New York

“Hotel,” edited by Reese Williams

Hotel, a collection of writing by eight artists, is a sampling of the ways artists have used words—and word-image combinations—to express their perceptions of contemporary experience. According to Williams, the title was chosen because it seemed an appropriate metaphor for a book that brings together such a diverse group of people and works. “It wasn’t until later,” Williams told me, “that I also realized that a number of the pieces refer to rooms.” Almost all of the works are about transience—a rootlessness that is not geographical, but spiritual.

A typically modern malaise permeates most of these pieces, which are reminiscent of Joan Didion’s work in their tone (though not in their structure or their use of narrative). Many describe a world with no emotional center—a world in which experiences are disjointed and fragmented, in which the unconscious and conscious mind don’t quite connect, and in which shifts in time and space reflect the instability of the psychological landscape. The work most successfully expressing this feeling of dislocation is Reese Williams’ “A Study of Leonardo,” a fragmented narrative based on a passage about “particles” taken from Leonardo Da Vinci’s notebooks. “A Study of Leonardo” is about the making of a movie, and it describes a voyeuristic relationship to the world using cinematic devices—most notably rapid shifts of focus, and cross-cutting among seemingly unrelated themes (the circus, war, New York street life)—to build up a string of verbal images that culminates in a parable about the fall of Inca civilization. The piece is beautifully written, and seamless in the interweaving of its disparate parts. On the other hand, Mike Roddy’s “Frost Fun Fiction Fall Forest” juxtaposes incidents from the past and present life of a male character with a recurring photographic image of a shadowy figure, but the piece never quite comes together into a satisfying whole.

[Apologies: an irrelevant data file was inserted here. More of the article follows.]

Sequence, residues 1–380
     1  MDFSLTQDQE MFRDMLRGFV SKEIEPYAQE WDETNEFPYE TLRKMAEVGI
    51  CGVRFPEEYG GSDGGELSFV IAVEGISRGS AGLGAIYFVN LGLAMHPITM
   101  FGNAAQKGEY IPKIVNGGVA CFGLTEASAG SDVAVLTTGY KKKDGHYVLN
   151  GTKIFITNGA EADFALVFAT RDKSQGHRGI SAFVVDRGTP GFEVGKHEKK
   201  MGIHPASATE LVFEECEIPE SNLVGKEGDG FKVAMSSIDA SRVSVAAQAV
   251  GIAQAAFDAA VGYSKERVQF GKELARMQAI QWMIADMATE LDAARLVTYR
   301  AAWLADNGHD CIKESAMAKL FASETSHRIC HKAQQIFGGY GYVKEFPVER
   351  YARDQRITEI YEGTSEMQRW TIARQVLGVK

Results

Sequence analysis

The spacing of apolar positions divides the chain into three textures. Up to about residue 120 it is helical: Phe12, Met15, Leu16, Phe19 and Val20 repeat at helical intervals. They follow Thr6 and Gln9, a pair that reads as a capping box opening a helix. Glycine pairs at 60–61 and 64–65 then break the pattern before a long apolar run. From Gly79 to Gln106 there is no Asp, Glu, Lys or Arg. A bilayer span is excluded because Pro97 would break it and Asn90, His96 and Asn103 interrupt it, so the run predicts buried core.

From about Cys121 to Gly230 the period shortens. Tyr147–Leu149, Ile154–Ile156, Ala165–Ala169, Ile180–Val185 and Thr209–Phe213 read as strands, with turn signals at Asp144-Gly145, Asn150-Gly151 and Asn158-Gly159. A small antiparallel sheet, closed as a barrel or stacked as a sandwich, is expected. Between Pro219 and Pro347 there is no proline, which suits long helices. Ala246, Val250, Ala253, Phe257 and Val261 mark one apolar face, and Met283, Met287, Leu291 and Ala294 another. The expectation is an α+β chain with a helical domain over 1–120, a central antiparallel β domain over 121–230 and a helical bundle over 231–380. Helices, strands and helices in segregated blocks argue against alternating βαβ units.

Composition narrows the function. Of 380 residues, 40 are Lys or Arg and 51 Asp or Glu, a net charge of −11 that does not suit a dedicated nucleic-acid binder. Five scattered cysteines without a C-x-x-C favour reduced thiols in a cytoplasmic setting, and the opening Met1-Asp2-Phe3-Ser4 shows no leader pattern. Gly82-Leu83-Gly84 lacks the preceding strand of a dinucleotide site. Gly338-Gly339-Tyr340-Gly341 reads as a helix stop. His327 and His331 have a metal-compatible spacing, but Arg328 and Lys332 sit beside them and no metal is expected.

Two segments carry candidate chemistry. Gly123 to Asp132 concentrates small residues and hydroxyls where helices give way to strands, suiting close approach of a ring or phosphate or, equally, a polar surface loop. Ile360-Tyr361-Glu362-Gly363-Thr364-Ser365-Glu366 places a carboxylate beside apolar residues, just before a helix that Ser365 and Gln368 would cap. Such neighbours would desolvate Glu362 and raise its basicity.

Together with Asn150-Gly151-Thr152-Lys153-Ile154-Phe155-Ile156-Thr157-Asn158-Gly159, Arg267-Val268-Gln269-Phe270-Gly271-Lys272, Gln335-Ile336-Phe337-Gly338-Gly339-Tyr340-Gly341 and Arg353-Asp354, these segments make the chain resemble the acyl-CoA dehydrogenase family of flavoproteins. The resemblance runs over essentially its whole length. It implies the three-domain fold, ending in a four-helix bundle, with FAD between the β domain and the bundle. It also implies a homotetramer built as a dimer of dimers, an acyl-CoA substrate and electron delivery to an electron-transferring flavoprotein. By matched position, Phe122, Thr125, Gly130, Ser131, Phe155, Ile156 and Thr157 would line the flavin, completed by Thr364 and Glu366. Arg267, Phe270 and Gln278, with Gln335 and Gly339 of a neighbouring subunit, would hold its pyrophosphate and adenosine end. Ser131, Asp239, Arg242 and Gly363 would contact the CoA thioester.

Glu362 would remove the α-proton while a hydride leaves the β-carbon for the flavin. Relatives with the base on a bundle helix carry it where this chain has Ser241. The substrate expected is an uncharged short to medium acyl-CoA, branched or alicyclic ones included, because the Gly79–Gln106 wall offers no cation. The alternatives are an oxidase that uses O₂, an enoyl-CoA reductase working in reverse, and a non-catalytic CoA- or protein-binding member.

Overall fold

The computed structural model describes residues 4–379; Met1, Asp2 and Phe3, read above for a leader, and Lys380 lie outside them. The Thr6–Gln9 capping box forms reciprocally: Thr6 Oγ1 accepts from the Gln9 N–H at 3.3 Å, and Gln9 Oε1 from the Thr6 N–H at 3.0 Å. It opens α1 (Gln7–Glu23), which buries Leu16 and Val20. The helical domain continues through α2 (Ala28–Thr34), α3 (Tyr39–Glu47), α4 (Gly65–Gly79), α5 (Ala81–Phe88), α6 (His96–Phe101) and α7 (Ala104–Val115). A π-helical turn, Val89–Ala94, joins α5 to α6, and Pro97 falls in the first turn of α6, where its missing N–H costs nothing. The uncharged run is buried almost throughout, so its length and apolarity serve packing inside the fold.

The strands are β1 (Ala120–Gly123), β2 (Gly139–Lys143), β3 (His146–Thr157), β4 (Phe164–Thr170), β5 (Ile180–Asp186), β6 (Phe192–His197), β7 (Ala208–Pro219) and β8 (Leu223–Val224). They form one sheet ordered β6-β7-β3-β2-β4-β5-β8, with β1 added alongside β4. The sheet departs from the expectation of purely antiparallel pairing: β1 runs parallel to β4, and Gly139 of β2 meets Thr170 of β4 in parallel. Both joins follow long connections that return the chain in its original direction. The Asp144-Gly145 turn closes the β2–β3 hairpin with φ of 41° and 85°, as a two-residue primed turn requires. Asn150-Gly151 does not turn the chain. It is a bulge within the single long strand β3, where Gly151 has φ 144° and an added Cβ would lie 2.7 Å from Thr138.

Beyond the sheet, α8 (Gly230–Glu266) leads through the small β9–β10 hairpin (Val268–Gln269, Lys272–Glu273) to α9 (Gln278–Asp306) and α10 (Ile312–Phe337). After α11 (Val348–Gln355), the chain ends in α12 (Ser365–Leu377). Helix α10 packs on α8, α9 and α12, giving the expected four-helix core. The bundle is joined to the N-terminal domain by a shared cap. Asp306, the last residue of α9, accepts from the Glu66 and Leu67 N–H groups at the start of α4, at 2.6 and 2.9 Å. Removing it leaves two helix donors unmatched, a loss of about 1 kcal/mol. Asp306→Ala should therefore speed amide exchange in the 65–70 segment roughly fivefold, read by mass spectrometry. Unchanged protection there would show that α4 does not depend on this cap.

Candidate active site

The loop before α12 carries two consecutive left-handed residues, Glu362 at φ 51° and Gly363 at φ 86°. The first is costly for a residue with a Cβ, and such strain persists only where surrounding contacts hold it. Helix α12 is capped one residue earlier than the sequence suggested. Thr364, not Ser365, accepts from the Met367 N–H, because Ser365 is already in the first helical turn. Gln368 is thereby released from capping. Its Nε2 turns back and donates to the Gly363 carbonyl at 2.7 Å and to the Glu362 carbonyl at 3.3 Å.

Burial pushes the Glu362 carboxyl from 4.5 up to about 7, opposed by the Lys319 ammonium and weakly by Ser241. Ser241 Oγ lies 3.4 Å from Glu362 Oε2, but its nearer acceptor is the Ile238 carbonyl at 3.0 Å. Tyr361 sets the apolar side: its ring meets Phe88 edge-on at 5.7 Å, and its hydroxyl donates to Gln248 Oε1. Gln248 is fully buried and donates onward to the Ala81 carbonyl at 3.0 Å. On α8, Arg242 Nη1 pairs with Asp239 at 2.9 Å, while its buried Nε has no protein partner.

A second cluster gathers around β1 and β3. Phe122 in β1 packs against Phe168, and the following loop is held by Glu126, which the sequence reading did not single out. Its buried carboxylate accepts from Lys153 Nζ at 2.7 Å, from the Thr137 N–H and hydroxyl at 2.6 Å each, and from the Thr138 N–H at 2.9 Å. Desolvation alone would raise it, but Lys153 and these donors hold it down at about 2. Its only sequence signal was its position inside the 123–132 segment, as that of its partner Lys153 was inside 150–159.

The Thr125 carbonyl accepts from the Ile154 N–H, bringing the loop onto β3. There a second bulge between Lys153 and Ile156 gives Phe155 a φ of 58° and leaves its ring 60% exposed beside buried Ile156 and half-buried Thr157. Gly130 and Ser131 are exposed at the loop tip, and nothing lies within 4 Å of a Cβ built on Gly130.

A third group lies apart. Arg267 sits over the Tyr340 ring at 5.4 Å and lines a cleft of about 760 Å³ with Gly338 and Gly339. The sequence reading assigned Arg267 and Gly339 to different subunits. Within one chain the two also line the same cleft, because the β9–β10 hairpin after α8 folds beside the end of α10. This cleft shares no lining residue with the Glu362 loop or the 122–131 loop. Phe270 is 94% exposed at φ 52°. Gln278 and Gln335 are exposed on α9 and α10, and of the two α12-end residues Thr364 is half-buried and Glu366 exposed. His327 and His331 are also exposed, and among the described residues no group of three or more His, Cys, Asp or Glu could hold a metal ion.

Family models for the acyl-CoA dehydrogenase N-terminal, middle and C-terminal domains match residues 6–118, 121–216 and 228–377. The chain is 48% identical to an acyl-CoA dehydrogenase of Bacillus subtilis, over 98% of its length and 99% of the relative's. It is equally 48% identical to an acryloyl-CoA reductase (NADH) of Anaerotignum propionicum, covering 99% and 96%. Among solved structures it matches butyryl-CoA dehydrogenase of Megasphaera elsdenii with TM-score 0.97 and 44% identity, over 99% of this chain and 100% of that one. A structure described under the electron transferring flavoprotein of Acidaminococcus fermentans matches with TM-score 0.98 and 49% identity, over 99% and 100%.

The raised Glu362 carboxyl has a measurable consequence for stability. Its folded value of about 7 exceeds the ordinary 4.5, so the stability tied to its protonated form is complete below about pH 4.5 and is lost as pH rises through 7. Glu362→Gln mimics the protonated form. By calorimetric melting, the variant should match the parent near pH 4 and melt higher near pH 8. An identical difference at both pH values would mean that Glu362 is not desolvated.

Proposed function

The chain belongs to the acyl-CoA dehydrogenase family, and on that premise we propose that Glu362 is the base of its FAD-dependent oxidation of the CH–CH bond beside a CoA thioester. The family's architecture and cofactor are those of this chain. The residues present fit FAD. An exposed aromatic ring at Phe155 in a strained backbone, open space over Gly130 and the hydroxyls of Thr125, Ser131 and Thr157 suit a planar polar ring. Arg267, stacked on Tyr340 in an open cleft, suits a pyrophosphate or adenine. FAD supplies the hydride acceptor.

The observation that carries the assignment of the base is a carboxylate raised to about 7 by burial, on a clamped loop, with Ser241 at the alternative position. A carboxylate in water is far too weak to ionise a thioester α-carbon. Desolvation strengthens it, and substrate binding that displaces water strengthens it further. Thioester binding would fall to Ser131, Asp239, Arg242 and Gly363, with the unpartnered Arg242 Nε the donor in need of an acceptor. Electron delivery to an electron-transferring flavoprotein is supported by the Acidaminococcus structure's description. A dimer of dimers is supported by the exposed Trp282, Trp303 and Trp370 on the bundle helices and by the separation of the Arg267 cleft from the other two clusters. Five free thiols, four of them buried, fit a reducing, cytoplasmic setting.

More integrated is Michael Meyers’ “A Smaller History,” a series of short pieces, many of them written from the point of view of a narrator whose alienation and detachment shape his perception of the details of his life. The two works in Hotel which are based on historical figures—“The Teachings of John Brown in Florida” and “The Letter to Buzz” [Aldrin]—use experimental styles to re-create their protagonists’ sense of isolation and disconnectedness. In a similar way, the fluid style of Theresa Hak Kyung Cha’s extended prose poems, “Exilée” and “Temps Morts,” also work to break down the boundaries between internal and external experience.

In “Exilée,” a full-page drawing of an X, which appears at various points heightens the sense of anomie suggested by the prose poem. Jenny Holzer and Peter Nadin, in a piece called “Living,” repeatedly counterpoint a bland, detailless drawing of Everyman—with short passages about the tensions and injustices of our society. And Laurie Anderson, in a version of “Dark Dogs, American Dreams,” juxtaposes blurred photographs of “everyday people”—a waitress, a student, a dentist, a cashier—with accounts of bizarre dreams; this work is far more effective here, in the intimate format of a book, than when it was exhibited on the walls of a gallery.

Richard Nonas’ “Montezuma’s Last Dead Breakfast in Mexico” also juxtaposes words and photographs, but his use of them is far more metaphoric than Anderson’s. The photographs are of an old man pointing a stick at the ground, and fiddlers playing their instruments. These images alternate in rhythmic sequences with short passages in which the narrator describes Montezuma at the end of his life, beginning to write, beginning to sum up the “fat Mexico of his mind.” Montezuma’s writing takes on the air of a ritual activity, a last assertion of a life that is slipping away. The tension builds as the narrator begins to seem more and more like the personification of Death, advancing steadily on the Mexican leader. “Montezuma’s Last Dead Breakfast in Mexico” is a fast-moving and brilliant work, and a powerful conclusion to a very worthwhile book.

Shelly Rice